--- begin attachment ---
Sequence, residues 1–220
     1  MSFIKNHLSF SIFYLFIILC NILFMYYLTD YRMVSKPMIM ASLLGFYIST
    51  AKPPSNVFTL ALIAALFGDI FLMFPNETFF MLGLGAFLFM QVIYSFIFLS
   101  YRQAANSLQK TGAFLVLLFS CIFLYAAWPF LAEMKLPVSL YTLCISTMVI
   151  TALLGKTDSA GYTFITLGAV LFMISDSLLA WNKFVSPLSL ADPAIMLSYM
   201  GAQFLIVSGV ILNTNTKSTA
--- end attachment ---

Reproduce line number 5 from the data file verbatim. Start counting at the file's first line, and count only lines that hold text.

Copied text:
   151  TALLGKTDSA GYTFITLGAV LFMISDSLLA WNKFVSPLSL ADPAIMLSYM